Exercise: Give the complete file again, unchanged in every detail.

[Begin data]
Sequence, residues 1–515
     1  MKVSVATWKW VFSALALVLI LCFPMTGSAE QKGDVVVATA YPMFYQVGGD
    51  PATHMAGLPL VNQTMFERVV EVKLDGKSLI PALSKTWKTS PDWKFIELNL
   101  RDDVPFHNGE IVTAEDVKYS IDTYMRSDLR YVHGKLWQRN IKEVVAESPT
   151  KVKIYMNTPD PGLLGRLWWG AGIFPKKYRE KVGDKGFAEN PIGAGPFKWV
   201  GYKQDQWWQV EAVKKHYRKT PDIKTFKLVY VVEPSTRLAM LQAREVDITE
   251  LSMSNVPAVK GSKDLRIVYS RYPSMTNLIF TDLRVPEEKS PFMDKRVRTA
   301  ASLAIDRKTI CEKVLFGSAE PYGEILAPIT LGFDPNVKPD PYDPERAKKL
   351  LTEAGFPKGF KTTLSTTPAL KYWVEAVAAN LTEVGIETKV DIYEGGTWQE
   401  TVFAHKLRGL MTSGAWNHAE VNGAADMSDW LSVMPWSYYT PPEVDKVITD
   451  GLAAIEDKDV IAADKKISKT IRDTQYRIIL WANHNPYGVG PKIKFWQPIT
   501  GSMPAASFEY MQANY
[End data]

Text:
Sequence, residues 1–515
     1  MKVSVATWKW VFSALALVLI LCFPMTGSAE QKGDVVVATA YPMFYQVGGD
    51  PATHMAGLPL VNQTMFERVV EVKLDGKSLI PALSKTWKTS PDWKFIELNL
   101  RDDVPFHNGE IVTAEDVKYS IDTYMRSDLR YVHGKLWQRN IKEVVAESPT
   151  KVKIYMNTPD PGLLGRLWWG AGIFPKKYRE KVGDKGFAEN PIGAGPFKWV
   201  GYKQDQWWQV EAVKKHYRKT PDIKTFKLVY VVEPSTRLAM LQAREVDITE
   251  LSMSNVPAVK GSKDLRIVYS RYPSMTNLIF TDLRVPEEKS PFMDKRVRTA
   301  ASLAIDRKTI CEKVLFGSAE PYGEILAPIT LGFDPNVKPD PYDPERAKKL
   351  LTEAGFPKGF KTTLSTTPAL KYWVEAVAAN LTEVGIETKV DIYEGGTWQE
   401  TVFAHKLRGL MTSGAWNHAE VNGAADMSDW LSVMPWSYYT PPEVDKVITD
   451  GLAAIEDKDV IAADKKISKT IRDTQYRIIL WANHNPYGVG PKIKFWQPIT
   501  GSMPAASFEY MQANY